Results

Collagen and ELN are increased in patients with CRC

Collagen is the most abundant ECM protein and previous studies have shown a correlation of increased collagen expression with CRC [28]. To confirm this finding, we assessed COL1A1 expression, the most abundant molecule of the collagen family, in tumor tissues from CRC patients and colon tissues from healthy controls using an existing dataset (GSE128449). COL1A1 expression was significantly increased in tumors from CRC patients compared to colon tissues from healthy controls (P < 0.003, Additional file 1: Fig. S1A). COL3A1 is another important component in the collagen family, and COL3A1 expression was also significantly increased in CRC patients compared to healthy controls (P < 0.03, Additional file 1: Fig. S1B). To examine whether the increased collagen was associated with tumors development, we next assessed the level of collagen mRNA expression in tumors and adjacent non-tumor colon tissues from the same CRC patients (GSE110224). COL1A1 and COL3A1 mRNA expression was significantly increased in tumor tissue compared to adjacent non-tumor tissues in colons from CRC patients (P < 0.0001 and P < 0.03, Additional file 1: Fig. S1C and D).

We then assessed the level of ELN in CRC patients using the same microarray datasets. We found that ELN mRNA expression was significantly increased in tumor tissues from CRC patients compared to those from healthy controls (P = 0.0022, Fig. 1a). There was also significantly increased ELN mRNA expression in tumors from CRC patients compared to adjacent non-tumor tissues (P = 0.0363, Fig. 1b). We next assessed the level of ELN protein in human colon cancer epithelial cells compare to normal colon epithelial cells (Fig. 1c, Additional file 1: Fig. S2). ELN protein was significantly increased in cancer cells after 48 h incubation compared to normal colon cells, although ELN protein was not changed at the early time point (Fig. 1d). These results indicate that increased ELN is associated with tumor development in CRC patients.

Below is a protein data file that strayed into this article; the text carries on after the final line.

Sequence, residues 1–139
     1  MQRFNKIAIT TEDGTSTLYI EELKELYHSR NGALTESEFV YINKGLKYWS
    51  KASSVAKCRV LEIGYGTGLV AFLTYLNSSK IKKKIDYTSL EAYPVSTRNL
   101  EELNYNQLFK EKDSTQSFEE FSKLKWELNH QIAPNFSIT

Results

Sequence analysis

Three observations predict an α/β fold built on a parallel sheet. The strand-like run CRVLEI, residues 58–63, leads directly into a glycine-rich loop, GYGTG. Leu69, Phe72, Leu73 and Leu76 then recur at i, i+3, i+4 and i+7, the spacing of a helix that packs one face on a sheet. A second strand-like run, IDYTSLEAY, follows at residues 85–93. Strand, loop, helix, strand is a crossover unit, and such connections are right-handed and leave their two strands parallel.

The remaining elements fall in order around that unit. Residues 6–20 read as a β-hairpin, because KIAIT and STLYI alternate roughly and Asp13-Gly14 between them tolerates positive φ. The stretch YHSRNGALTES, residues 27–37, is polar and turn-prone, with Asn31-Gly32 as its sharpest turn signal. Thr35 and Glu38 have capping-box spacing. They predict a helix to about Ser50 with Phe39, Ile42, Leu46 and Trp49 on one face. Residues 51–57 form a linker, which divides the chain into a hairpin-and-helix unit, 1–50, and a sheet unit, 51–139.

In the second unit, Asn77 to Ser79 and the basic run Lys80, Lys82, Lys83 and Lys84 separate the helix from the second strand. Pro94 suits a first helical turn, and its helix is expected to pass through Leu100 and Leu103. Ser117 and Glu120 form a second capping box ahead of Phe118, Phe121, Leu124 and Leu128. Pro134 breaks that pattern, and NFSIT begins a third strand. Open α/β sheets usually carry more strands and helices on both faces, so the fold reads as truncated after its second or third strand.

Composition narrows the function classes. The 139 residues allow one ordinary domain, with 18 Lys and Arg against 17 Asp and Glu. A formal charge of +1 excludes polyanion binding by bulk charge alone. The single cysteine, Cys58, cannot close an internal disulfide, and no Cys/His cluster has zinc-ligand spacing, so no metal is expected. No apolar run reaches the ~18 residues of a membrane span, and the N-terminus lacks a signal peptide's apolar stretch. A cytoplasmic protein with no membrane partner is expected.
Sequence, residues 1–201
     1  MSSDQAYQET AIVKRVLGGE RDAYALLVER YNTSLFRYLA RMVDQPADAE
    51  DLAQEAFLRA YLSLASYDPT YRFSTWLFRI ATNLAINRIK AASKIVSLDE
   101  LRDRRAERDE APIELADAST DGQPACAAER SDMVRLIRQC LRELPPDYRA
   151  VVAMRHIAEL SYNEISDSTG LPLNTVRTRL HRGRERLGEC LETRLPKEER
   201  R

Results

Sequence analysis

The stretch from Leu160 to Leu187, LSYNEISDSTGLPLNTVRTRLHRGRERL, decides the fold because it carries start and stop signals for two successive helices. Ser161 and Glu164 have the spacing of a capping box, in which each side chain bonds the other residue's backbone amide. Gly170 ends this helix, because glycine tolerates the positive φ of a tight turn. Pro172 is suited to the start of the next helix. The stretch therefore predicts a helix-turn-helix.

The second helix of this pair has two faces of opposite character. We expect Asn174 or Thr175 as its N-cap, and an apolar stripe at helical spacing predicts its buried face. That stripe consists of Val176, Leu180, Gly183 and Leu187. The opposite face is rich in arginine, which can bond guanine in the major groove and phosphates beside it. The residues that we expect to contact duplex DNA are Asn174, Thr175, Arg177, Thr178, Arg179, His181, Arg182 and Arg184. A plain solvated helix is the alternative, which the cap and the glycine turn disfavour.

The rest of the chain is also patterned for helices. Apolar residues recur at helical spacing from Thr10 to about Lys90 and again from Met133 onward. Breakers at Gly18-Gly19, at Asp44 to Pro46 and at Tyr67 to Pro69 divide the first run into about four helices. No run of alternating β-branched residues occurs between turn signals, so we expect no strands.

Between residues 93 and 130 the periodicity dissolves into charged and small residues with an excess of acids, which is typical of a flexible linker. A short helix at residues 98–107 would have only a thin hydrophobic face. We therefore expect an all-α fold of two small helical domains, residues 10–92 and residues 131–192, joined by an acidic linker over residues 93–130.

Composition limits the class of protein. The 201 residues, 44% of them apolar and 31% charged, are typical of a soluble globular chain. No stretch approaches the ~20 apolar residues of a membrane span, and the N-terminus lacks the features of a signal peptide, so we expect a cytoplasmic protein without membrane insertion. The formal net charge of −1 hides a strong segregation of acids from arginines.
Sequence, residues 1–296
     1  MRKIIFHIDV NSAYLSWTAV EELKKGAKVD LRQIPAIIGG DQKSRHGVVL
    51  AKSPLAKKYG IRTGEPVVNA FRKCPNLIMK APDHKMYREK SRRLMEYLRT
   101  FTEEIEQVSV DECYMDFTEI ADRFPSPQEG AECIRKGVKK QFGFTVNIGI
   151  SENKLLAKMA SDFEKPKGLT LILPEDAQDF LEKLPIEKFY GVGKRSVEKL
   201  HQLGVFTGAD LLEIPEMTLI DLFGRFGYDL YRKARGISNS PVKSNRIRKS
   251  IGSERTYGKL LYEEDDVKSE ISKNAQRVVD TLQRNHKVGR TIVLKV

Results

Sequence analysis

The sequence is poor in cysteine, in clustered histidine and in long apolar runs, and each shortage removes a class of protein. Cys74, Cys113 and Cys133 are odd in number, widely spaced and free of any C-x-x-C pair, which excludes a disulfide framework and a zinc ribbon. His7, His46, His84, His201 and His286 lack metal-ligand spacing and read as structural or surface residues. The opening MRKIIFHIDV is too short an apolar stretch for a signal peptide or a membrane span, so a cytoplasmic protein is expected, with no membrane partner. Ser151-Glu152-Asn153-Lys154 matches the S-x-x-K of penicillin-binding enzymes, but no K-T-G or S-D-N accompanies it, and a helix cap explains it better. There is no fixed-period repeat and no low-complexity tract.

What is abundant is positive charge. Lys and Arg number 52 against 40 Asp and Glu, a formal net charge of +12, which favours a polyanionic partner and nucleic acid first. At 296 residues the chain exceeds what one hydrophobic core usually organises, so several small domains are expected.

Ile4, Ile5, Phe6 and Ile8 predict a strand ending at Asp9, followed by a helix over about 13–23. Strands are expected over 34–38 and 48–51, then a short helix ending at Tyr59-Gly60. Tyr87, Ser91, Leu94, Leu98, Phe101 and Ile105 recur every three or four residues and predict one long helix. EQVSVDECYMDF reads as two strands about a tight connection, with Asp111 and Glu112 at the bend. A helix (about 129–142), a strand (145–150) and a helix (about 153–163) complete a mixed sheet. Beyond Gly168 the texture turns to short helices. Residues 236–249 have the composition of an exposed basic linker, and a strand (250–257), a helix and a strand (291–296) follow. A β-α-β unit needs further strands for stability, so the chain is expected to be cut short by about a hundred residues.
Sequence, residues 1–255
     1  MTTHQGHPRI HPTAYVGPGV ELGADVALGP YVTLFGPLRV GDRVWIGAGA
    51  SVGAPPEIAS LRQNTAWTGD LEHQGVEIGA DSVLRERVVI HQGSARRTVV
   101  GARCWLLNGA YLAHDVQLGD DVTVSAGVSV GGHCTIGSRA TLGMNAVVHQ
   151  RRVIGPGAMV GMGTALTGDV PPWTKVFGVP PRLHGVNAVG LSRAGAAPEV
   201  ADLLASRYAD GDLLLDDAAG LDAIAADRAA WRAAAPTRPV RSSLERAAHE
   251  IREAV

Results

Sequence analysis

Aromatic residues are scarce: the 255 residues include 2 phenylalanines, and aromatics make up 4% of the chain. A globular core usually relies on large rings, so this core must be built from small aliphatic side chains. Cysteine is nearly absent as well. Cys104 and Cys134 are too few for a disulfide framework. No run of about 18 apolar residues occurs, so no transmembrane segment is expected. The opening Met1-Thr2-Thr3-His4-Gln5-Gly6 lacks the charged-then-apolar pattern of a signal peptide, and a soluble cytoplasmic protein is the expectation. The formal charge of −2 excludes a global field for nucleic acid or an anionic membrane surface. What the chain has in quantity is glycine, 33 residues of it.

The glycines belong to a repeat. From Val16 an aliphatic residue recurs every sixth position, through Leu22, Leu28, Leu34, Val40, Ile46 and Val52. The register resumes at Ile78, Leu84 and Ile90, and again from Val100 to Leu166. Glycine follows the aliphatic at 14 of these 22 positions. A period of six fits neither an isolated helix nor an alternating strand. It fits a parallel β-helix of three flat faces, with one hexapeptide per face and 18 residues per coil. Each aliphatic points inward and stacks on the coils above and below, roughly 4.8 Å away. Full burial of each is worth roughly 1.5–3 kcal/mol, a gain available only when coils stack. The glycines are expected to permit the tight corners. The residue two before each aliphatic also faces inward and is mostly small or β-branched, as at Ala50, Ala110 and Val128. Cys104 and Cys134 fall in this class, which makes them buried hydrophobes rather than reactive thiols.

Fig. 1
figure1

ELN mRNA expression is increased in colorectal cancer (CRC) patients, and ELN protein is increased in colon cancer epithelial cells. aELN gene expression was analyzed from colon tissues from healthy controls (n = 5) and CRC patients (n = 31) based on a GSE128449 dataset. bELN gene expression was analyzed from colon tissues from tumor and adjacent non-tumor tissues from the same CRC patients (n = 17) according to a GSE110224 dataset. Colon cancer epithelial cells and normal colon epithelial cells were cultured. c ELN protein was assessed in cell lysates after 24 and 48 h incubation by immunoblot, and d fold change of densitometry normalized to β-actin, n = 4. Results are mean ± SEM. *P < 0.05 compared to normal colon epithelial cells

TGF-β does not affect ELN, but MMP9 and TIMP3 are associated with increased ELN mRNA in CRC development

Previous studies have shown that TGF-β is a main growth factor to induce the productions of ECM proteins in cells [29]. Given increased ELN was found in CRC patients, we then determined whether TGF-β induced ELN expression in colon organoids from CRC patients and healthy controls according to an existing dataset (GSE79462) [17]. TGF-β challenge did not affect ELN mRNA level in colon organoids from CRC patients or controls (P = 0.329, Fig. 2a). To further explore the mechanism of increased ELN in CRC, we then assessed the level of MMP expression in colon tissues from CRC patients and healthy controls. MMP12 is the main enzyme to catalyse ELN, and we found that MMP12 expression was not changed between tumors from CRC patients and controls (P = 0.2426, Fig. 2b). However, MMP9 gene expression was increased in tumors from CRC patients compared to colons in healthy controls (P = 0.0318, Fig. 2c). TIMP3 is an inhibitor of MMPs and its gene expression was significantly decreased in tumor tissues compared to controls (P = 0.0003, Fig. 2d). We then assessed MMPs and TIMP3 expression in tumors and adjacent non-tumor colon tissue in CRC patients, MMP12 (P = 0.001, Fig. 2e), MMP9 (P = 0.0006, Fig. 3f) and TIMP3 (P = 0.0421, Fig. 2g) mRNA expression was significantly increased in tumors tissue compared to adjacent non-tumor tissue from CRC patients.

Fig. 2
figure2

ELN mRNA is not changed, but abnormal levels of MMP12, MMP9 and TIMP3 mRNA expression are found in tumor from CRC patients compared to adjacent non-tumor colon tissues and healthy controls. a Colon organoid were isolated from tumor tissues in CRC patients and healthy controls. The organoids were stimulated with TGF-β for 5 days, and ELN mRNA expression was measured from microarray data based on a GSE79462 dataset (n = 5–6). MMP12 (b), MMP9 (c) and TIMP3 (d) gene expression was analyzed from colon tissues from healthy controls (n = 5) and CRC patients (n = 31) based on a GSE128449 dataset. MMP12 (e), MMP9 (f) and TIMP3 (g) gene expression was analyzed from colon tissues from tumor and adjacent non-tumor tissues from the same CRC patients (n = 17) according to a GSE110224 dataset. Results are mean ± SEM

Fig. 3
figure3